16 August 2006

Non-Random Thoughts II

---I said Hector "I Hang With Drug Dealers" Martínez lied and he admitted it. In an unsurprising turn of events, his fellow muck-wallower and president of the senate Kenneth "If I had Another Brain Cell, I'd Be Half as Dumb" McClintock stated that he "can't see a reason for an Ethics investigation" in this matter. Of course he can't: you have to know and have ethics before you can use it as a standard.

---The local Verizon operation--a de facto monopoly--has been sold to a Mexican telecommunications company. Not news, really. What is news is that the employee share of the company IS being sold.

Skipping over how We ended up with a legalized roadhog barring the way to telecom progress, the sale of employee shares at a time when a Mexican company is taking over probably means that the bloated phone company will be seriously reduced in size. Verizon tried to do that, but was hampered by the take-over agreement. I believe that this time, the dial tone will go mute on several hundred employees and that it won't take long before We see it happen.

---For those of you who may have noticed, The Jenius hasn't mentioned a "walk around the mall"-type survey in a while. Reason: the last one depressed Me. I asked 44 adults to mention five incidents in Puerto Rico's history. The first 10 I asked couldn't give Me any, not even something like the recent government shutdown. Eventually, over 30 adults answered with mainly blank stares. A handful mentioned 1 or 2 incidents. Only the 44th person, a woman, rattled off five. Why? She'd helped her daughter through her school class on the history of Puerto Rico during the past school year. What depressed Me most was hearing more than one person say that "the history of Puerto Rico isn't that important." I wish there were a DELETE button for My Life.

---A book on sexuality described as "overtly explicit" has been pulled from public schools classrooms by (mis)education secretary Rafael "I Ride a Rotting Whale" Aragunde. Despite a lengthy review and evaluation process at the administrative level, which presumably includes teachers (around here, you just can't assume it does), a handful of teachers protest the book and in a matter of minutes, the secretary orders a recall and states that "Parents should review the book and make their own decision (about it)." I don't care how the secretary and his blubber-butt cohorts at (mis)education want to spin this, but this was nowhere near an educational decision: it was a political one. And a craven one, to boot.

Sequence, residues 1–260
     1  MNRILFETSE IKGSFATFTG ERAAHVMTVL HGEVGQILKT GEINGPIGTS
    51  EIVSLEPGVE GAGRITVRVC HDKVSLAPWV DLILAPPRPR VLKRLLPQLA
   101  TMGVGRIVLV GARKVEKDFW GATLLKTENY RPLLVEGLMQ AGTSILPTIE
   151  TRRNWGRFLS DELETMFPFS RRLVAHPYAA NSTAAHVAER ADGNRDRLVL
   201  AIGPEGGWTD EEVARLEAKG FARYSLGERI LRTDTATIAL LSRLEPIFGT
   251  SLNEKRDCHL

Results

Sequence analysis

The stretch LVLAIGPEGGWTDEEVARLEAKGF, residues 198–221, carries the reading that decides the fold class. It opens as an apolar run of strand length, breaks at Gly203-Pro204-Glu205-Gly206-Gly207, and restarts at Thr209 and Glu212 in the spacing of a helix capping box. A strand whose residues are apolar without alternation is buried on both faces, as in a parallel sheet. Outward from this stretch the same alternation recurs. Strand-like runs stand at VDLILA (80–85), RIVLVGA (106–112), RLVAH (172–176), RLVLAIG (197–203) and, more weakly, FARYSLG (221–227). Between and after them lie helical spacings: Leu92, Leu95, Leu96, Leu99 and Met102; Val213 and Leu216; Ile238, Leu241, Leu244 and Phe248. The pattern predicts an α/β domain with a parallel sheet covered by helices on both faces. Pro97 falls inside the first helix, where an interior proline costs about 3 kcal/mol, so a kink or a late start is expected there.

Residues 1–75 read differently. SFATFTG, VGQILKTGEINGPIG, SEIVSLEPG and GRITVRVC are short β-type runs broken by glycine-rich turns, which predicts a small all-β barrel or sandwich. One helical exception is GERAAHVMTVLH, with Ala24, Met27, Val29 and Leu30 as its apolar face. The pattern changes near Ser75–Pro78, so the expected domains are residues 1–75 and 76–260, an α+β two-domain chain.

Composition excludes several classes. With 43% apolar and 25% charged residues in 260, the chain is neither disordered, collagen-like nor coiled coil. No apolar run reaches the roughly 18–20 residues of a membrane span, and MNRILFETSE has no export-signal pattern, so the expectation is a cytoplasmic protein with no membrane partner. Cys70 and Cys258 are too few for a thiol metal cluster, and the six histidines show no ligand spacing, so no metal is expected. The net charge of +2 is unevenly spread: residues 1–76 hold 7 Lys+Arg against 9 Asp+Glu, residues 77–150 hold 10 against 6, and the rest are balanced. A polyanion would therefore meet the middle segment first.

Rather than take the complaints for what they are (minor dissent) and maintain a posture of "business as usual" (such as it is), Rafy-Daffy overreacts and throws a hissy-fit. If the book weren't about sexuality, would the decision "process" be the same? If a book on Puerto Rican history had a chapter on "Taíno Genocide" and 20-30 teachers protested that, would the book be pulled immediately and parents told to "read it and decide"? The point isn't--or shouldn't be--that the book is about sexuality, but that the way this is being handled is totally, utterly wrong.

If the book is "too sexual," whose standards will apply: those of a minority or the majority? If some teachers find the book dangerous and/or disturbing, but the parents don't, who will prevail at the classroom level? And by caving in like a cheap house of cards at the slightest breeze, Rafy-Laffy sets a precedent that will be exploited like a cheap drug-addicted hooker in a guerrilla camp.

School's out before it even began...

The Jenius Has Spoken.

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